Take It Outside, California!

26222329370_0573293b7a_oThis weekend, April 30 and May 1, is Take It Outside, California! It’s an annual event, organized by our partner California Council of Land Trusts, encouraging Californians to get outside and enjoy our parks and open spaces.

Organizations all over California are planning outdoor events for you to enjoy, including ours! We invite Californians to enjoy healthy activities, celebrate our public lands, and Take It Outside, California! next weekend with our special Park Champions work days.

We have planned 5 special, family-friendly volunteer workdays in state parks in partnership with Take It Outside. All tools and training provided. Projects over 3 hours also include lunch.

Will Rogers, Baldwin Hills and Rio de Los Angeles are still looking for volunteers. Register on our website to participate. 

If these parks aren’t in your area, visit Take It Outside California! to discover new parks near you, and sign the pledge to take it outside. Free public activities include a guided dog walk, family festival, kite flying, creek exploration, outdoor Zumba, and a cardio hike with yoga (yiking!).

See you out there.

Huge Step Forward for Land and Water Conservation Fund

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Wilder Ranch State Park in Santa Cruz. Photo by Stanislav Sedov via Flickr

Great news today for the protection of our open spaces.

Yesterday, the U.S. Senate passed a permanent authorization for the Land and Water Conservation Fund (LWCF), after the previous one expired last fall. This is a huge step forward. In fact, on the way to passage, a damaging amendment was voted down summarily. The House has already passed a bill and the two bills will be taken up in conference committee and reconciled.

The battle to get reauthorization of Land and Water Conservation has been hard fought over the last year. And the fight to ensure that adequate funding moved into LWCF has been going on for much longer. CSPF has participated in the Land and Water Conservation Fund Coalition, a very large coalition effort to speak up on behalf of full funding and more recently the reauthorization, helping as need be, with the California delegation. You may remember we collected letters from Californians in late 2015 for this purpose.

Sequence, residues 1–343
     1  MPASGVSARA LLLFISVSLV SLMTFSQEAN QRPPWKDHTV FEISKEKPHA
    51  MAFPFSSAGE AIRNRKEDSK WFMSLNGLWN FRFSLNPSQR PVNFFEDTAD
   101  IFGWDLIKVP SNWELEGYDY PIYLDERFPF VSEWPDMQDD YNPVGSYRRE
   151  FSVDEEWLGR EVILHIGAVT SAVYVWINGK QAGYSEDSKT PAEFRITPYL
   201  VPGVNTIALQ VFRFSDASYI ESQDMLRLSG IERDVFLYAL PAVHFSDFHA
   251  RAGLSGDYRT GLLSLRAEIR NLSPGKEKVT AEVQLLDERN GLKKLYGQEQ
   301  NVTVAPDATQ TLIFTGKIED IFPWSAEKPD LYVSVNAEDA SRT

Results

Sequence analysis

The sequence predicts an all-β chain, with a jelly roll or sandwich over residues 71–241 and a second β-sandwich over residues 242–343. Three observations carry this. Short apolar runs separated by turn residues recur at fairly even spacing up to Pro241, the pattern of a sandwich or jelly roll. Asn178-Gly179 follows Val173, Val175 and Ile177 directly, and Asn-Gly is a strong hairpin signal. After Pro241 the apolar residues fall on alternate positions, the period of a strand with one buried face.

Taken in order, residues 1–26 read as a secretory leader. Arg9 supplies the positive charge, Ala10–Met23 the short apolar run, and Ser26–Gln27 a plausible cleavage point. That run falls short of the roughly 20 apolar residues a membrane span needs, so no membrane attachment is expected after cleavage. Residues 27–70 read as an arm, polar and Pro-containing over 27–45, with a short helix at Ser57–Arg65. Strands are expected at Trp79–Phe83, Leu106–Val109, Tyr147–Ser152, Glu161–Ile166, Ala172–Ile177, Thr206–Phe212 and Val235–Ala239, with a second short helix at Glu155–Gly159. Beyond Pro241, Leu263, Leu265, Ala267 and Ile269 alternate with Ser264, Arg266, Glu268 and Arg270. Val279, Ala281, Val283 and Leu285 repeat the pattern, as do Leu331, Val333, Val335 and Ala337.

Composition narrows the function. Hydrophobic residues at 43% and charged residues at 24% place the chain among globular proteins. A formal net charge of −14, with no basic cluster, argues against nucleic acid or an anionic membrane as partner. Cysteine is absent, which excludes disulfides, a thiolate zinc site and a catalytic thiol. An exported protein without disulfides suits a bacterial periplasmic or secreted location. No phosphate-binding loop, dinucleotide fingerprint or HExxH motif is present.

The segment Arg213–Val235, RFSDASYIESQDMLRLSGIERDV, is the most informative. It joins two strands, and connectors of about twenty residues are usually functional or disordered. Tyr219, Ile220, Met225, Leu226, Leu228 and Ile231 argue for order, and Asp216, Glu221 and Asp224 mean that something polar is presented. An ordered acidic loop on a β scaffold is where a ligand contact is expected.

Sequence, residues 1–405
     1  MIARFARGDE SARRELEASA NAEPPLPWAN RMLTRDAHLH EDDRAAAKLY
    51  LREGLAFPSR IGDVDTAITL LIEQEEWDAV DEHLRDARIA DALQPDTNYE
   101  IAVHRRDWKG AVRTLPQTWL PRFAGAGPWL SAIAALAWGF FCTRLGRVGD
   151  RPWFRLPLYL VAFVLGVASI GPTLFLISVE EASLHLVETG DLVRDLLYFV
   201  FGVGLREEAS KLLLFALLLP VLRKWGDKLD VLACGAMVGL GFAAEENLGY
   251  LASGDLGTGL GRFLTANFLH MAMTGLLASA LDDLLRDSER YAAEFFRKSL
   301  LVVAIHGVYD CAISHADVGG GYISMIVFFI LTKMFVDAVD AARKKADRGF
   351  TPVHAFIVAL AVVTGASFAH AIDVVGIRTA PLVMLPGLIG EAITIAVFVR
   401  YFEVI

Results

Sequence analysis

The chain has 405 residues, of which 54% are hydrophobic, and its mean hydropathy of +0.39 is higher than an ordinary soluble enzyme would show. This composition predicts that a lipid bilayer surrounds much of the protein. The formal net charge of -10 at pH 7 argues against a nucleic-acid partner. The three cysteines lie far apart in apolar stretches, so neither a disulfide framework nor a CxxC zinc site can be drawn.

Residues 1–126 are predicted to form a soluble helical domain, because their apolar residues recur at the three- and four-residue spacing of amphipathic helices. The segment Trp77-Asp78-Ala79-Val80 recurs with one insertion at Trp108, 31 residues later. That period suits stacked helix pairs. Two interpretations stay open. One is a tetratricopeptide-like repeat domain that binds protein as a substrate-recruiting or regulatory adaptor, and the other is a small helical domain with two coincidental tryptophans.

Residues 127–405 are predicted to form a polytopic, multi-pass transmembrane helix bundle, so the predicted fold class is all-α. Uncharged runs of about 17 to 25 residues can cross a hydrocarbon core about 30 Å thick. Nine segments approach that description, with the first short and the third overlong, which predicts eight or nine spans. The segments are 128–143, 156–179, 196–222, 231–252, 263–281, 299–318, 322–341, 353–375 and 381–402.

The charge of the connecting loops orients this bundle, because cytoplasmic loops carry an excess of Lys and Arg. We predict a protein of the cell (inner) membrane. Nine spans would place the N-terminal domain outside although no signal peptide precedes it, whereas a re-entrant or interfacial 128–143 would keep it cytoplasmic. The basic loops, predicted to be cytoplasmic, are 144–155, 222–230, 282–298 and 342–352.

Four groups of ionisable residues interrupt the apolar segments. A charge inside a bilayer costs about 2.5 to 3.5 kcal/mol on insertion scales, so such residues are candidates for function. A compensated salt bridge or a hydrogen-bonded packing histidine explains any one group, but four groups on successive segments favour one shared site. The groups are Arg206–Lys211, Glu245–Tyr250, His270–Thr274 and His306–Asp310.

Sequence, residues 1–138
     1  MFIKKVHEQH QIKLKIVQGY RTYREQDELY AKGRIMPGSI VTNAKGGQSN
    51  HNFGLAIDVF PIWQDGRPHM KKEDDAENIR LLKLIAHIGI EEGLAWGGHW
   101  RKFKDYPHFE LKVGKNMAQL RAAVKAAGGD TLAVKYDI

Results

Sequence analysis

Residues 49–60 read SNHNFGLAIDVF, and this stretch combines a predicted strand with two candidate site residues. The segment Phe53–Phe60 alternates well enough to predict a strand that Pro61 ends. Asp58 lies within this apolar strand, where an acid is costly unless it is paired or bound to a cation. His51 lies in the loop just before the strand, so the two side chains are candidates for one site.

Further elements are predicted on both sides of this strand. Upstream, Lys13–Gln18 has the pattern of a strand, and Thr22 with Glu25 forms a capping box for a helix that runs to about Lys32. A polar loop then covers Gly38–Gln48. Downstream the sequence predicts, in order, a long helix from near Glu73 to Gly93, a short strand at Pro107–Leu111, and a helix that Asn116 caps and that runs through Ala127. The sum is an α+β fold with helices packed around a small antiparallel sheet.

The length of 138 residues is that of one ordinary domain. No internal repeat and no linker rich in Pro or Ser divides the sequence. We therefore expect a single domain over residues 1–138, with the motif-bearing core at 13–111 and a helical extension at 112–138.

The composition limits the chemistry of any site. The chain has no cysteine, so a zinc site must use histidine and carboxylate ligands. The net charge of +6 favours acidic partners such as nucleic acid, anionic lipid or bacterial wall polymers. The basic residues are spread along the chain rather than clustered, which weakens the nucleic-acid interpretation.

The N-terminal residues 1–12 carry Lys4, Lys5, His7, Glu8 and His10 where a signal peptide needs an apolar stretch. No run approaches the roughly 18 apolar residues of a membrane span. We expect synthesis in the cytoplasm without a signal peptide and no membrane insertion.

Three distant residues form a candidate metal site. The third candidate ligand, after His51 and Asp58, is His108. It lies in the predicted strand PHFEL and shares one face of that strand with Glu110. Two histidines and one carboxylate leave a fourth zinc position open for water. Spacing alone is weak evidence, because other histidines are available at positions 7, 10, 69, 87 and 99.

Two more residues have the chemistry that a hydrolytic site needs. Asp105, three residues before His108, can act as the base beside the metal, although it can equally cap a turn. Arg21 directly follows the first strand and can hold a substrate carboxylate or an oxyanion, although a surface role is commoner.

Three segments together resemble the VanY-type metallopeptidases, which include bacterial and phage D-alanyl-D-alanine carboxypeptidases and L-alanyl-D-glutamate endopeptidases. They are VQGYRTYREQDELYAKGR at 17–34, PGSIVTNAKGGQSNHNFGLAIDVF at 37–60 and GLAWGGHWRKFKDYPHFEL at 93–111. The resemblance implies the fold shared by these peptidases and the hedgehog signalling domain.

The LWCF is the single largest federal source of funding for conservation in the United States. It is funded from off-shore oil and gas royalties, and was intended to fund $900 million in conservation projects annually. Although it has rarely hit that mark of funding, it has done enormous good anyway with thousands of projects funded here in California, in state parks, in particular, but all of the parks systems the state hosts.

The steps ahead are not certain but this is such an important milestone that we wanted to share the good news.

You can read today’s press release from the Coalition here: LWCF Coalition Statement – Senate Energy Bill Final.

Let’s keep up the good work!

 

Thank You for a Great Earth Day

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Earth Day volunteers hunt for debris at Sonoma Coast State Park in Jenner.

Thank you, CSPF members, supporters, and volunteers — you pulled off another great Earth Day event this past Saturday!

Over 2,000 volunteers rolled up their sleeves and tackled dozens of improvement projects at 27 state parks from Mendocino down to Los Angeles. They removed invasive plants and graffiti, installed picnic benches and displays, built food storage lockers, installed drip irrigation systems, painted work sheds and bathrooms, picked up trash along shorelines and lakes, planted native shrubs and bushes, and more.

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Volunteers plant and water native species at Candlestick Point.

See photos and details of each park here.

These thousands of contributed volunteer hours helped get parks ready for the busy summer season, which is especially important given the continued budget restrictions affecting the state parks system.

In addition to volunteering, hundreds of you made donations to our Earth Day Campaign. Thanks to you, we hit the $15,000 target and earned the matching grant from our friends at The Donner Foundation.

Thank you one and all for your generosity! You’re making great things happen for the parks we all love.